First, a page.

Our son is nine now and more independent. There are so many gray areas on handling his food allergies… How can we help him handle these?
Even within the food allergy community, there are so many differences on how families handle different. Costco make beautiful cakes at a great price. And they have that super mousse layer with lots of icing on top. These cakes come with an allergy warning on them- and they should. The bakery area is a shared space where they seem to make many different products, many with nuts. I have tried to ask about food safety there, but the bakers are non-native English speakers and the talks were not productive.
So our guy with his sky-high allergy test numbers doesn’t eat these cakes. But other responsible food allergy families have done the same considering and come to a different conclusion.
It does help that both dear husband and dear daughter have a talent for baking and decorating custom cakes. Son always has something special and sugary to eat at parties.
It is definitely a balance for our son to respect others’ decisions but stick to what is best for him. How do you decide ?
Wonderful husband did the grocery shopping today for our Superbowl dinner tonight. This was great because I took son to Sunday school and picked up daughter from a sleepover.
He got a strange brand of canned tomatoes, which still looks OK. He got veggies, milk, etc. which were all fine.
But he bought Barilla pasta. This is made on the same line as their “extra protein” pastas, which are NOT fine for our chickpea and lentil allergic son. They are not required to list “chick peas” or “lentils” on their ingredients because these are not among the 8 most common allergens and so not covered by the labeling law. We called Barilla a couple years ago and confirmed that the chick pea and lentil ingredients could cross-contaminate all their other pasta.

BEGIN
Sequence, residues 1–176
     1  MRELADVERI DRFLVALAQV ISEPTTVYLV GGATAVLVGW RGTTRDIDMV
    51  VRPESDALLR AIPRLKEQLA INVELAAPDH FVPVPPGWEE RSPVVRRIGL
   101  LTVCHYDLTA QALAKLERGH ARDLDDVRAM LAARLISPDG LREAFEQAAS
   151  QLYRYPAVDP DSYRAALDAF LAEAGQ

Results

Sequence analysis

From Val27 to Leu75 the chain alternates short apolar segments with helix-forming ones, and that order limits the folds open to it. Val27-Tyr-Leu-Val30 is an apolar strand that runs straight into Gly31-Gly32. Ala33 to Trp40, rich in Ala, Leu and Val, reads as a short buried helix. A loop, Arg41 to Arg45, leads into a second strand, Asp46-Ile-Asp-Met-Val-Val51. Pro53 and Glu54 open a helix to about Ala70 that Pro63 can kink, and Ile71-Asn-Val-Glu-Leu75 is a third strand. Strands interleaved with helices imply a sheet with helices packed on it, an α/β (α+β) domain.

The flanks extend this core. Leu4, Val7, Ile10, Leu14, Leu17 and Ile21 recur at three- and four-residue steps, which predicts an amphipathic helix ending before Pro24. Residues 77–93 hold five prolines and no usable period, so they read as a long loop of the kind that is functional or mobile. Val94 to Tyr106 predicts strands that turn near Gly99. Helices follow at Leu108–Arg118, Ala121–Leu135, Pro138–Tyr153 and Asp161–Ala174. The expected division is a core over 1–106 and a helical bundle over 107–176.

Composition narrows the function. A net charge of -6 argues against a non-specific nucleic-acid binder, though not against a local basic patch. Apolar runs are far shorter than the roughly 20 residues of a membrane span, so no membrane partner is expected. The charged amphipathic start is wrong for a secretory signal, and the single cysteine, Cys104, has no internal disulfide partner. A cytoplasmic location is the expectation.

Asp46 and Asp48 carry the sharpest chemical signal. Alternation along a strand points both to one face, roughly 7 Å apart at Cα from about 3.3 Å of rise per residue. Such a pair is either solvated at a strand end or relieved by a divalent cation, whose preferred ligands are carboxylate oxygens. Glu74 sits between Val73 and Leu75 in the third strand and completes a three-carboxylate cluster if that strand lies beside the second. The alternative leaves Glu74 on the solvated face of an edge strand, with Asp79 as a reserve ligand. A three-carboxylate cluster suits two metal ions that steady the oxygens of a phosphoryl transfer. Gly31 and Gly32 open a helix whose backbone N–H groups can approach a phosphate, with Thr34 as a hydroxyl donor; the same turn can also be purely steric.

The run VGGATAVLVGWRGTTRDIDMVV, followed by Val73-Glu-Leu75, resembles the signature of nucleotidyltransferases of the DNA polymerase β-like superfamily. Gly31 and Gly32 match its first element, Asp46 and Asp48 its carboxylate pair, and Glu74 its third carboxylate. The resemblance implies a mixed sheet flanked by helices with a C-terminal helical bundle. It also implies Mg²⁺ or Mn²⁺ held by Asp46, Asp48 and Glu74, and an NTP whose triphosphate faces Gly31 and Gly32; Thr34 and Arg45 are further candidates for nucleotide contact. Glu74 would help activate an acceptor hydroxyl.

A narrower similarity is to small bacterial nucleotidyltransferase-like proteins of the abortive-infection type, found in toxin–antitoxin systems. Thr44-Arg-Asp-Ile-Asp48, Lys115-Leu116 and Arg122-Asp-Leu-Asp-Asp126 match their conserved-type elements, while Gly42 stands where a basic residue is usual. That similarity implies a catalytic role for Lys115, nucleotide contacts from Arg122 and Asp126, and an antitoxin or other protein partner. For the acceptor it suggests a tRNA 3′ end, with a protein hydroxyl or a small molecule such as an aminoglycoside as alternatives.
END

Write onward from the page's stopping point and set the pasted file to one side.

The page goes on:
Yesterday would have been a regular day for many 3rd grade kids. Our guy went to school, then to a friend’s house for the afternoon and evening. He came home around bed time.
For our guy it was the longest he’d be out without a parent with him. He bought lunch at school, had dinner at the friend’s place and went to a Boy Scout event in the evening. Very normal!
We did the prep work:
He carries his Epipen in his backpack, so that went with him all day.
We’ve gone with him to school on pizza Friday and he knows the items he can have.
He had his own dessert with him for lunch.
The friend’s mom is super about food allergies and she and I talked about dinner ahead of time.
I’m so proud of how he handled the Boy Scout event! Lots of snacks were involved and our guy didn’t see food he was comfortable with. Plus some of the snacks were buffet style and included tree nuts. He had fun but waited until he got home to eat his (large) bedtime snack. Yesterday was an awesome day for him!
Our peanut allergic boy turned 9 earlier this month and it had to be the easiest birthday for me ever.
Our Giant supermarket now has cupcakes “made in a peanut free facility.” They aren’t the fancy ones with the sports rings, just fairly plain. So I expected dear son to request home-made cupcakes, just like I’d always made. Nope, he was happy with the store-bought because that is what all the kids take in for birthdays.
Son also preferred I not come in to hand out the cupcakes. So that morning after a 5 minute drive and drop off at the school office, I was done! Amazing.
His party was easy also. He and his buddies did sports for an hour at Frozen Ropes. They all got along fine had super manners. Then they had Gatorade and Papa John’s Pizza. We did make the cake for this one!
I have to admit to mixed feelings about my son’s new independence. But he is moving on and growing up and I shouldn’t be in the way.